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Jo-Anne McArthur is an award-winning Canadian photographer that has been documenting animal rights issues around the globe for the last fifteen years. Through her lens, brutal and complex worlds unfold about humans’ uses, abuses, and sharing of spaces with animals. The goal of her work, pieced together in her book We Animals, is to photograph our interactions with animals in such a way that the viewer finds new significance in these often ordinary, overlooked relationships.

Through her compelling photography and writing, Jo-Anne breaks down the artificial barriers we have erected between humans and non-human animals. Her work helps expose and bring much-needed attention to inhumane conditions in monkey breeding and bear bile farms, rodeos, and research labs across the planet.

And now McArthur has taken her work one step further and has launched the We Animals Archive, a free-to-use resource featuring thousands of stunning high-resolution photographs of animals, including hundreds of previously unseen images. McArthur is now allowing free access to her images to help raise awareness of the animals exploited in industries around the world. Legendary British primatologist and anthropologist, Dr. Jane Goodall said of McArthur’s We Animals book,“Powerfully disturbing. These images take us to dark and hidden places visited by only a few determined and courageous individuals like Jo-Anne McArthur.” 

In this heartbreaking photo taken in 2010 in Spain, a young calf looks out through the bars and straw of a crate enclosure. Cheese is not worth this baby’s suffering.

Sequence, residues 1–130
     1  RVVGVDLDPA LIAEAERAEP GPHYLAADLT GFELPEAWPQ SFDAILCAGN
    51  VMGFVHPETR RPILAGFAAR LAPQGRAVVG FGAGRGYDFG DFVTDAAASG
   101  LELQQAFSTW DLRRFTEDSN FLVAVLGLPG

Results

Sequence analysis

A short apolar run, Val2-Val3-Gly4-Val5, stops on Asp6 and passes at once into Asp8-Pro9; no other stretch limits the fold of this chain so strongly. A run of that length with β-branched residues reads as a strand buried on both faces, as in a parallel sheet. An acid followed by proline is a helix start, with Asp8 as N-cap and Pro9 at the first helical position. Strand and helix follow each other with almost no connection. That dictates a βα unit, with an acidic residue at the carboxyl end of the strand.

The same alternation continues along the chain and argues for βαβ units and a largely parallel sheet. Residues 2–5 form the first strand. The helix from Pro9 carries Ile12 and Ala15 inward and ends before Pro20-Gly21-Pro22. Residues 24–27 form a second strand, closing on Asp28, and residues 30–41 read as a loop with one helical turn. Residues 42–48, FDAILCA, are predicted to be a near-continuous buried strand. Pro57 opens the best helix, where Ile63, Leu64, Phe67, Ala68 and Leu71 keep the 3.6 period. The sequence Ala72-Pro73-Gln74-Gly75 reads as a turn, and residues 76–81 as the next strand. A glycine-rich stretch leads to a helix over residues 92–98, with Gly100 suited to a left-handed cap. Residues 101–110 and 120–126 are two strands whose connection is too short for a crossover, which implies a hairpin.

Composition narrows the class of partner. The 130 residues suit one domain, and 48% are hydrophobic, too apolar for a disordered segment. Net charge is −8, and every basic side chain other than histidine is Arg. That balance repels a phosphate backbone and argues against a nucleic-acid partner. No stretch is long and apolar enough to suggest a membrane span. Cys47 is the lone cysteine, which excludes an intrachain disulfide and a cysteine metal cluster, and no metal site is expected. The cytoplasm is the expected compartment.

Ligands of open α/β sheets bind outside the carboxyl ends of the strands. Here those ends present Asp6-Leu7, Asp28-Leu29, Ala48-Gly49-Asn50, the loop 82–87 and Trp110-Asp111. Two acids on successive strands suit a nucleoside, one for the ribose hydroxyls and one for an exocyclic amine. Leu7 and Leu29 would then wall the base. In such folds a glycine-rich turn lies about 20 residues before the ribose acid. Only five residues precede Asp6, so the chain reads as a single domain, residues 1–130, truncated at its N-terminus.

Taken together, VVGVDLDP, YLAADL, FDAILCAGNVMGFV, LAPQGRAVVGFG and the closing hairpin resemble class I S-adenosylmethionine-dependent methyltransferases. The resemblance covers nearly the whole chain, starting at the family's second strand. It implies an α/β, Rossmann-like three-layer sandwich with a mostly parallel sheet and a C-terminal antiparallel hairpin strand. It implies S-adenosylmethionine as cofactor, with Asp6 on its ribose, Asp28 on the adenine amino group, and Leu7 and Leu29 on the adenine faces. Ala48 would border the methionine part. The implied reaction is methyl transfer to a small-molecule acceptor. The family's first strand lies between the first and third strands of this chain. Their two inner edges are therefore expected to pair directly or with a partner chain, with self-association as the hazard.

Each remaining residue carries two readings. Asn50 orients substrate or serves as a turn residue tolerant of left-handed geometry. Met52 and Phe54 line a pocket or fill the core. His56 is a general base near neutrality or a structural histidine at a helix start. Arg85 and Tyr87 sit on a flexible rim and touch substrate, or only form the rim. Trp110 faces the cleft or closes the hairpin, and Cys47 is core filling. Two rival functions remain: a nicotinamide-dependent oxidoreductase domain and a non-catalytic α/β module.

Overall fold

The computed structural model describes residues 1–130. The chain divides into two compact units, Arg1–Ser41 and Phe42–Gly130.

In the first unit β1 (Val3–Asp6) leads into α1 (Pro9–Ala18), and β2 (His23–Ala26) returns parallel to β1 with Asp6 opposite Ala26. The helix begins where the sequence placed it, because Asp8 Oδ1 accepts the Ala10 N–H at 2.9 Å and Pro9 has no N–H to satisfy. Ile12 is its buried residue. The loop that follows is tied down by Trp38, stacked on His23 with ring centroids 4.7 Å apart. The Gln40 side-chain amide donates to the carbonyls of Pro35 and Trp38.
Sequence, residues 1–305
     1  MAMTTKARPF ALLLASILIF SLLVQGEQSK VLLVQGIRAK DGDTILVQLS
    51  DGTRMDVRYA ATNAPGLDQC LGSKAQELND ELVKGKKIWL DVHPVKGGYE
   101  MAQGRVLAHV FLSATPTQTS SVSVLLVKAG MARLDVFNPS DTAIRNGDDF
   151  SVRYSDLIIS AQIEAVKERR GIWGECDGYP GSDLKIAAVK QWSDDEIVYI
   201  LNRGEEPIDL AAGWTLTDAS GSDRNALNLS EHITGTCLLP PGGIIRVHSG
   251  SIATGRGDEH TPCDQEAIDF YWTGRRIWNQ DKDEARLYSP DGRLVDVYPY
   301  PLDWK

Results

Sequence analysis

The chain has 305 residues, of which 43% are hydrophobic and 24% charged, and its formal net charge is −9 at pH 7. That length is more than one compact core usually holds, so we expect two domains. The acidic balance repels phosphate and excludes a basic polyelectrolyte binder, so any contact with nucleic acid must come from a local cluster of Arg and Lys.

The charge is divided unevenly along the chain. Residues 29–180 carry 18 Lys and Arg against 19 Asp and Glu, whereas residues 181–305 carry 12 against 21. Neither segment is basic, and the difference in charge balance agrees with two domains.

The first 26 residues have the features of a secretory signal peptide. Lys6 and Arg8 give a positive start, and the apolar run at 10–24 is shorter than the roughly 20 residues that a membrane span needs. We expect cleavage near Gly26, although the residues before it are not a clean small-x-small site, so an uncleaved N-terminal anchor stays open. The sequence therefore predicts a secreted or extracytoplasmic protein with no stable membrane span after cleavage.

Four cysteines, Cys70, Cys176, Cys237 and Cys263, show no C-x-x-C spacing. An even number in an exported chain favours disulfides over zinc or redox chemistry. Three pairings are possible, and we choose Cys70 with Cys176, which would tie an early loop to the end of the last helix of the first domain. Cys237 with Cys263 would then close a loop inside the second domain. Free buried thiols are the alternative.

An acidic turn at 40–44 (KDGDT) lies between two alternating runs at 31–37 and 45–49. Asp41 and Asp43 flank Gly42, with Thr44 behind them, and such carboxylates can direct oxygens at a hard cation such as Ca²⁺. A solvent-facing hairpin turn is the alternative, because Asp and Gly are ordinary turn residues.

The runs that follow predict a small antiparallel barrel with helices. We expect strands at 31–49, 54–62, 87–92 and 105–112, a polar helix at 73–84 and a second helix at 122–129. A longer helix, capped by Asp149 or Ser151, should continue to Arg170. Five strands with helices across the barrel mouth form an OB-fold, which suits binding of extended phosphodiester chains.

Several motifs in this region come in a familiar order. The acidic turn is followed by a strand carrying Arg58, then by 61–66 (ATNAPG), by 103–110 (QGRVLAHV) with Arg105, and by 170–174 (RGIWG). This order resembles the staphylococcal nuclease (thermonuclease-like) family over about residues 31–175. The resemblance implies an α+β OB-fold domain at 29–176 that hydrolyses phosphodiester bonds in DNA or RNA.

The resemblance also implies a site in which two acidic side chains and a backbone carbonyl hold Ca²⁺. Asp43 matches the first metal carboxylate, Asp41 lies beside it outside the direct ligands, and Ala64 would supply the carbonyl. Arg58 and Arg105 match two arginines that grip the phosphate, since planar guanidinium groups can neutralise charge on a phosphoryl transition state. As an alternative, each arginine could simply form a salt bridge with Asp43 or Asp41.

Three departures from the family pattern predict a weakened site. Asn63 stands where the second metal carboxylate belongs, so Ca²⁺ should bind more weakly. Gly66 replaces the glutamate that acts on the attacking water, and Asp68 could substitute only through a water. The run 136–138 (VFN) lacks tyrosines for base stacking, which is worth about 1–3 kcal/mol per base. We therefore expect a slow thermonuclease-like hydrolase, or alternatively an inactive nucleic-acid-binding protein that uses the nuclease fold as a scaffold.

This beluga whale with tourists, at Marineland, Canada in 2011 shows just how sad captivity truly is. 


In another photo taken at Marineland in 2011, McArthur shows how an animals misery isn’t worth a trip to the zoo. 


The reality of pet stores is far from adorable and is filled with immense suffering. In this photo taken in Quebec, Canada in 2013, a dog sits in a puppy mill cage before being rescued. 


Think again before buying that fur coat. This red fox at a fur farm in Canada was taken in 2014 and shines a light on the horrors of the fur industry


Macaques are often used labs and universities around the world for a variety of experiments and testing. The macaques below were photographed in 2011 at a breeding facility in Laos. Most primates used for research are bred – or caught from the wild.


Sheep on a transport truck in Australia are being transported for live export, to a slaughterhouse or to another farm. Why are we subjecting animals to such suffering?


In this heartbreaking photo, a rhinoceros is held captive in a tiny enclosure at the Havana Zoo in Cuba. This is not okay.


In yet another tragic photo, McArthur captures Gina the lonely elephant at a zoo in France. 



McArthur’s harrowing images have been used by more than 100 organizations, publishers, and academics, in addition to being shown around the globe. “My work has shown me that, so often, the animals languishing in cages on fur farms, suffering at the end of a rope, or even resting peacefully in the arms of their rescuers, are invisible to so many of us. I want these images to be used in the hope that people truly see the way animals currently exist in our society,” said McArthur. Now that the We Animals Archive has been released, this will be free to use for animal rights groups, not-for-profit and charity organizations, and educational organizations. We are sure her stunning work will continue to change hearts and minds of generations to come.

To view the We Animals Archive, click here and be sure to share this exciting news with your friends and family.

Lead Image Source: We Animals Archive 

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0 comments on “Revealing Photos of the Faces of Captivity Call Us All to Question How We Treat Animals”

Click to add comment
Laura Chong
1 Years Ago

Those faces are of innocent sentient beings who are just like us. Please set them free. They should never be forced to be held captive as prisoners. They did not do anything wrong!

john pasqua
1 Years Ago

must treat all animals with respect now.


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